"Um…We've been practising," Cash said.
"Cash, go and get your knife," Bill said. "I want to compare it to the picture."
Cash looked desperately at Cary.
"He doesn't have it any more," Cary said. "He was too embarrassed to say."
Bill swung round to stare searchingly at his son.
"Is there something you two want to tell us?" Gwendoline demanded.
"No mother," Cary said firmly, her eyes wide.
"Nothing," Cash said. "Nothing at all."
As soon as they could, the twins escaped, got their bicycles and rode into town. The
librarian was touched by their sudden interest and willingly bent the rules so that they
could borrow every book the library had on King Arthur, all at once.
They hurried home and buried themselves in Cary's room. Fortunately the weather
chose to shut in again so they had the perfect excuse for spending all their free time
over the next days reading.
It was most confusing. There were so many different versions of the legend with
locations ranging all over Wales and England, even Scotland and Europe, that it was
almost impossible to get a clear picture of what might have happened after they left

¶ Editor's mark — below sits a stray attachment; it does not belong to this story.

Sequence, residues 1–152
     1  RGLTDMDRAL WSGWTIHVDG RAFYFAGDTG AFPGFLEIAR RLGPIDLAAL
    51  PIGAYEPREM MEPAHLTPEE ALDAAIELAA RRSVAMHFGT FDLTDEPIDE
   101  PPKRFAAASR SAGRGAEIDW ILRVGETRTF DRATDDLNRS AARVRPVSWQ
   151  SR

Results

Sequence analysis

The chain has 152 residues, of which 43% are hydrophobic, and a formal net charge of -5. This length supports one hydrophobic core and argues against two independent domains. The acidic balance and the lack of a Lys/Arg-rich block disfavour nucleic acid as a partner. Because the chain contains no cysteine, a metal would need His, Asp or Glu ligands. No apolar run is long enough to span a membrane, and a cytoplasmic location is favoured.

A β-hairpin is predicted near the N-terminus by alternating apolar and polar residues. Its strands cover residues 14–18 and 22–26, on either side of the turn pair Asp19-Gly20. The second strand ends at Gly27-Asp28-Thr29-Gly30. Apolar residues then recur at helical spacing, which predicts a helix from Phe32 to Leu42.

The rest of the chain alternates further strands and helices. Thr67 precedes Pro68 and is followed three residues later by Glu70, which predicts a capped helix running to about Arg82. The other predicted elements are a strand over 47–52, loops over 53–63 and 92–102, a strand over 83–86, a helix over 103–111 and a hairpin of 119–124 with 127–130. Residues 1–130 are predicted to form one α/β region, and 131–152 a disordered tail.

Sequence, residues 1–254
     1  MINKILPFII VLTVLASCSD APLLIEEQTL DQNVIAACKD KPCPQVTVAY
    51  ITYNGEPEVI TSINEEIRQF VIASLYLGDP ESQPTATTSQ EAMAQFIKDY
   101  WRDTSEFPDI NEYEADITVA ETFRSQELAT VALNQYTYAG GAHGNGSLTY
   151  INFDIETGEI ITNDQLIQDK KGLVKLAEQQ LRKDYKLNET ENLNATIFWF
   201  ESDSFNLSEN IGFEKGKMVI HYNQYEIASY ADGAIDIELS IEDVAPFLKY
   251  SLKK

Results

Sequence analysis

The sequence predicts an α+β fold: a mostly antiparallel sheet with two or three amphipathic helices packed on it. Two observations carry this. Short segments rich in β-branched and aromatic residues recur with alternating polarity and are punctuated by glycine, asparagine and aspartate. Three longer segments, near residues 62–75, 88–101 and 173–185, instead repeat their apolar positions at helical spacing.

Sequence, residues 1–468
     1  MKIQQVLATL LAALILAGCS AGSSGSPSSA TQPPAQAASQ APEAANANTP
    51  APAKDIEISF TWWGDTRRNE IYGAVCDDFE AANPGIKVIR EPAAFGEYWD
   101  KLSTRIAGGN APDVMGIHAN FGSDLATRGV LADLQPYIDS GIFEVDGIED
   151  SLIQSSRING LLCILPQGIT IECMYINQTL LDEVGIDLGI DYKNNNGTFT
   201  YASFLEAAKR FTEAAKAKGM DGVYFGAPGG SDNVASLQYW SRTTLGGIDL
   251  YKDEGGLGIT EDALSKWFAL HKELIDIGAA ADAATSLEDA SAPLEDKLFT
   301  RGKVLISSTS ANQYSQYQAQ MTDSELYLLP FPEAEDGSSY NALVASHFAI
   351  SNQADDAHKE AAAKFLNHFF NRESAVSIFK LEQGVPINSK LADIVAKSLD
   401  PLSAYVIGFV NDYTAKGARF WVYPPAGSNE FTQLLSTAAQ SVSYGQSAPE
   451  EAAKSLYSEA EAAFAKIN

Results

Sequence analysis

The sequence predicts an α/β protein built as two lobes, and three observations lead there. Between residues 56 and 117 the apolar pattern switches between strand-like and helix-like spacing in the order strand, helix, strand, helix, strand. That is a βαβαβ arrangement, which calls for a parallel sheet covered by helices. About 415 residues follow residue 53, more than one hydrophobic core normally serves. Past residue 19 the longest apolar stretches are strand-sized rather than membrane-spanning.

Camelot, but one thing was certain. It had all ended badly. The twins found it
depressing in the extreme but at the last, Cash summed it up for both of them.
"Well," he said. "At least the Round Table, Camelot, worked for a while. Maybe next
time it will work a bit longer, and the time after that a bit longer again. If people can
ever learn, that is…"
Here be Dragons 143 Nick Creech
Time passed and Christmas was suddenly close upon them.
"Your great grand-mother has asked to see you," Gwendoline announced one
morning. "She says she has gifts for you."
"Oh no," Cary said. "Not another dress…"
"Must we?" Cash groaned.
"She is a very old lady," Bill said severely. "And you will show her respect.
Understand me now. She has asked to see you alone and you will show her respect."
Cary remembered something, something important. Great grand-mother lived outside
a tiny village, and the tiny village was at the foot of Mount Snowdon. She nudged Cash,
who in the uncanny way of twins, divined her meaning. It would be good for Cary to
see the mountain again if nothing else. They both abruptly ceased protesting.
Bill and Gwendoline looked at each other. It had been a worrying time for them.
Clearly, something had happened with the twins. Not only had they grown
outrageously, literally overnight, but they were also startlingly more mature all of a
sudden, never mind the fact that they seemed incapable of speaking to each other in
anything but archaic Welsh and so fluently that it was impossible for anyone else to
understand. And then there was the matter of Cash's knife. Bill had let it pass at the
time, but the more he thought about it, the more certain he was that the knife in the